By Shehab Al-Makahleh
Many people were surprised by the unprecedented and violent threats that Abdul Malik al-Houthi, leader of Ansar Allah Al Houthi Movement, directed against the United Arab Emirates when he vowed to launch missile attacks against targets in the UAE and against Saudi oil targets. Abdul Malik stressed that the targets in the UAE and in KSA are within the range of the Houthi missiles which were equipped with state-of-the-art technology.
The surprise is that it is the first time that the leader of Ansar Allah has directed such threats to the UAE, with its capital, Abu Dhabi in particular, since the start of the Yemeni crisis two and a half years ago and more importantly warning Western companies that they should view “the UAE as an insecure country after today”.
These threats and the manner in which they were formulated indicate the existence of a “great concern” in the Houthi movement and its leader, stemming from the plans of the UAE and its future steps, which have become a strategic and possibly existential threat to the Houthis in Yemen. The Houthis leader did not disclose these concerns. However, they can be summarized in two main points.
The first lies in the real fears amongst the Houthi leaders of the role the UAE is playing in Yemen. According to the Houthis, the UAE is striving to break up the Houthi-Saleh alliance in a bid to cajole former Yemeni President Ali Abdullah Saleh to join the Saudi-led Arab coalition in order to declare war against the Houthis because Saleh and his soldiers are the most qualified and experienced to perform this mission provided that he is awarded full support and assistance by the UAE and KSA to carry out this task.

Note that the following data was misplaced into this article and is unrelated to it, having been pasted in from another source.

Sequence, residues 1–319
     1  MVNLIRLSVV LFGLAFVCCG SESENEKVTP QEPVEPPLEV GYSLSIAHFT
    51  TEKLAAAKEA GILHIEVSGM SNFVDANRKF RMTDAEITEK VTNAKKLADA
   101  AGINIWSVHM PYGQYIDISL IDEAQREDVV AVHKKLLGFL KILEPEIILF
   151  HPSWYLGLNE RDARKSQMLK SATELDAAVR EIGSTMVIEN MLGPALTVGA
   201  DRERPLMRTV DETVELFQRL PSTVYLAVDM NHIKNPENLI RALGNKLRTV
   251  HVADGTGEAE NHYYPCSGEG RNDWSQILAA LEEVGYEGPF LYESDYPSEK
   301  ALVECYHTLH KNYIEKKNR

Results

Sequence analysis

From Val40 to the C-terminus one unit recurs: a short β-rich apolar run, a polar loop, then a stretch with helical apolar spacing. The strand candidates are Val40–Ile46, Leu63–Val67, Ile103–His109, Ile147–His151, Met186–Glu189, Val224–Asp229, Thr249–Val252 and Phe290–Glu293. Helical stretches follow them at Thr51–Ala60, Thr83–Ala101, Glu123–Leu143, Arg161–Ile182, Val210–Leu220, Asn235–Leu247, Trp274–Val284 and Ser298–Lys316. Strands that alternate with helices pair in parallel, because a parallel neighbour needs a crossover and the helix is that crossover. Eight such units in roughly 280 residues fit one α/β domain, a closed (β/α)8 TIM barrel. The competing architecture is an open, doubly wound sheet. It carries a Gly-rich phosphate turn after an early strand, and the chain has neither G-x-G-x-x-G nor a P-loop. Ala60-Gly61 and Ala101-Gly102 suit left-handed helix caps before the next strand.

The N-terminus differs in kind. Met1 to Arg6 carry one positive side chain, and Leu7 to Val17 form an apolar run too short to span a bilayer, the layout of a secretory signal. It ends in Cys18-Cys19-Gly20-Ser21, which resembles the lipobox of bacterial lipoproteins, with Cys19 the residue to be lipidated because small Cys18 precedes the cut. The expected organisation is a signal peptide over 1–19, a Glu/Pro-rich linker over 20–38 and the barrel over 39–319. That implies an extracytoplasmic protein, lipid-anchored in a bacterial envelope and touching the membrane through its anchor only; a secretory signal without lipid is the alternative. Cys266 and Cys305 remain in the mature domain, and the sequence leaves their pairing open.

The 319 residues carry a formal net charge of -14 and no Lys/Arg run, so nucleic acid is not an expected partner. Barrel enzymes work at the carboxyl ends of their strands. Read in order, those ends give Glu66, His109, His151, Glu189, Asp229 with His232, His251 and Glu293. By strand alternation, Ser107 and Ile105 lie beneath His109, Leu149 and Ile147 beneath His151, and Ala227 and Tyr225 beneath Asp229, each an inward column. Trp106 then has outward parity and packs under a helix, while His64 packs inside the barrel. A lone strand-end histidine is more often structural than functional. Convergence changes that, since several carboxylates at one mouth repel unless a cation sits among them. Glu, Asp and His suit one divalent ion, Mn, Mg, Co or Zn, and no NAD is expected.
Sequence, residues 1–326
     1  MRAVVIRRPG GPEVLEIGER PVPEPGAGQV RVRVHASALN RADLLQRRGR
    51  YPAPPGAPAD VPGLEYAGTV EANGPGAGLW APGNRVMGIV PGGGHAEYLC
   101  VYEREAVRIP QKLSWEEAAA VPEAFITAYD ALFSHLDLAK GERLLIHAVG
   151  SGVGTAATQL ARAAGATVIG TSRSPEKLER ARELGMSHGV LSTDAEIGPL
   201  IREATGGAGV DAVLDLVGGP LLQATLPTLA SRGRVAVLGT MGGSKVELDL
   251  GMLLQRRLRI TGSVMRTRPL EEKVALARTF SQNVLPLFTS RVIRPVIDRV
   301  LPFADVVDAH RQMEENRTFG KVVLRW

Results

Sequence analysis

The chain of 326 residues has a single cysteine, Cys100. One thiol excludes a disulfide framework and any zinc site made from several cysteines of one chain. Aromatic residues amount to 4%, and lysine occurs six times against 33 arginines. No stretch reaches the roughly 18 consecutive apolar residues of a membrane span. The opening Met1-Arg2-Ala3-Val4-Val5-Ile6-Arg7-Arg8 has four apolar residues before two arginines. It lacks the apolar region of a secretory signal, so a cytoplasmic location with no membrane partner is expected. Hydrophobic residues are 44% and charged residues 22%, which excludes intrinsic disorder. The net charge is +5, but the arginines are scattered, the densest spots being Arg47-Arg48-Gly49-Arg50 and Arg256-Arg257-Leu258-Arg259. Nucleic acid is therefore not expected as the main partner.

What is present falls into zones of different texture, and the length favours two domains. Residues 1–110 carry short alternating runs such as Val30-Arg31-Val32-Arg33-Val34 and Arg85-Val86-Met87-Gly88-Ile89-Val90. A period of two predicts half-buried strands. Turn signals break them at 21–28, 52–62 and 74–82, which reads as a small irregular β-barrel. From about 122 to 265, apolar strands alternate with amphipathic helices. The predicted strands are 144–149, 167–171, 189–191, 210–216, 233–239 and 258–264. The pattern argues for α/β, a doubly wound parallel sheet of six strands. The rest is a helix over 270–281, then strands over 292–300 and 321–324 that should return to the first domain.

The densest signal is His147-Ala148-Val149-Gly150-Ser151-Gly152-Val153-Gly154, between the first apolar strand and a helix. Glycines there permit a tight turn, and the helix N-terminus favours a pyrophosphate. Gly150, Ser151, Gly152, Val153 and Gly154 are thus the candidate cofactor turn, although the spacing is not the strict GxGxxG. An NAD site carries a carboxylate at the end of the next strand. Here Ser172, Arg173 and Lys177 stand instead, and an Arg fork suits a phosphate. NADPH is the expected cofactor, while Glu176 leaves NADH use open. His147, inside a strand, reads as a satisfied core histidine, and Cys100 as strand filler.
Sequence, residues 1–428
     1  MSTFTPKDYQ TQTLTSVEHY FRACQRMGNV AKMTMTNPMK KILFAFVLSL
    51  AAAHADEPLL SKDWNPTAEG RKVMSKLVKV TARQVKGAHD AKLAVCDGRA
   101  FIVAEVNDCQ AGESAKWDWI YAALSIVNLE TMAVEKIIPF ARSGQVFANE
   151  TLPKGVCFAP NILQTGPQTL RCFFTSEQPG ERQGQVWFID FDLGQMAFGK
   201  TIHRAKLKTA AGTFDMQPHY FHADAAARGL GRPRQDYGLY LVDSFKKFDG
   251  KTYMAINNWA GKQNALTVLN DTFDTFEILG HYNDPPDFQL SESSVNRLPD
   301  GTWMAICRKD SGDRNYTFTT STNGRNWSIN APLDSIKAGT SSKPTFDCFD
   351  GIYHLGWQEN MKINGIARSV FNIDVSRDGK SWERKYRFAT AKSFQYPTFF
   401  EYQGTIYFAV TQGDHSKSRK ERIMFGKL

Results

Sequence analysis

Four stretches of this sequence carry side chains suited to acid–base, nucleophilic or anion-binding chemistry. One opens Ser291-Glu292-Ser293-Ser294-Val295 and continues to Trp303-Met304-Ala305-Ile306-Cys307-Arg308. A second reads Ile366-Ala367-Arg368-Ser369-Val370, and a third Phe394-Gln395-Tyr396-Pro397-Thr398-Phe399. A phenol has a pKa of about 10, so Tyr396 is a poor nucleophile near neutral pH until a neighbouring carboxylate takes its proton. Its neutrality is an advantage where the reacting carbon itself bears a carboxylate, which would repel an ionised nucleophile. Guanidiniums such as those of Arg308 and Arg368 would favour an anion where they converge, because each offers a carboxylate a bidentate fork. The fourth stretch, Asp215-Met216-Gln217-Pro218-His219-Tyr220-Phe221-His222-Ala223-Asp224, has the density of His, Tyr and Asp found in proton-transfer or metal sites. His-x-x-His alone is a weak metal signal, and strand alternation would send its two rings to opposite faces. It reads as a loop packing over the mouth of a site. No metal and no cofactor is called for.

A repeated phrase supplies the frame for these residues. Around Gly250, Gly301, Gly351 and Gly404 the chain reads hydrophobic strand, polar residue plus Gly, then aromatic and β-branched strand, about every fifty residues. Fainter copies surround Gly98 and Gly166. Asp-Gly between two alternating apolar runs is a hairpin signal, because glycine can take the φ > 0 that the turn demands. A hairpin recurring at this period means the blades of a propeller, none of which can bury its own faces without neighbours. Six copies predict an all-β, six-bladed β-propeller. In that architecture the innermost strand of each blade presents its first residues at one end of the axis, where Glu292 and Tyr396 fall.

The second is the growing military buildup led by the UAE and its military leadership in Yemen in preparation for launching an imminent ground, sea and air attack to seize the port of Hodeidah, which is the sole and most important port held by the Houthis; in other words, it is the window for the Houthis without which they will be starving and suffocating due to the shortage in food, commercial and military supplies.
During an hour-and-a-half meeting between the Saleh conference representatives and the Houthi delegates, 45 minutes of which was between Saleh and Abdul Malek Al Houthi, the former Yemeni president denied any contacts with the UAE. The rapprochement and rumors that spread on the social media amidst Al Houthi’s concerns that the talks could not remove these fears as the level of trust between the two parties has deteriorated.
Furthermore, the concerns of the Houthis of an attack to be launched by the UAE on the port of Hodeidah are clear. Abdul Malik’s statement was clear in this regard. He threatened saying: “If they wanted their oil vessels to ship with no risk, they should not resort to invading the port of Hodeidah. We will use tactics and techniques we have never used before and Saudi and Emirati oil platforms and installations are in the range of our missiles”.
It was noticeable that Abdul Malik Al-Houthi threats were a replica of the rhetoric used by Hizbollah leader Hassan Nasrallah, when the Houthi leader said: “Our missiles have a reach beyond Riyadh and our production plans of these missiles are progressing.”
However, the Houthi threats to the UAE fell on deaf ears when Anwar Gargash, UAE Minister of State for Foreign Affairs, voiced “indifference”, saying “the Houthis and their irrationality do not frighten us and reflect the level of despair they have reached”.
For the Houthis, any attack on the port of Hodeidah will be faced with immense defense as this seaport represents a matter of life or death for the movement. The Houthi sources believe that the coalition have already failed to take full control of the smaller port of Al Maha, and the coming battle will be a battle of life or death. Thus, the Houthis rhetoric is a warning message to the UAE not to approach Hodeidah.
As the war in both Syria and Iraq is drawing to a close, with the Russian-Syrian-Iranian-Turkish axis getting out of the war as the biggest winner, it is not ruled out that the escalation would move to the Yemeni front directly or indirectly.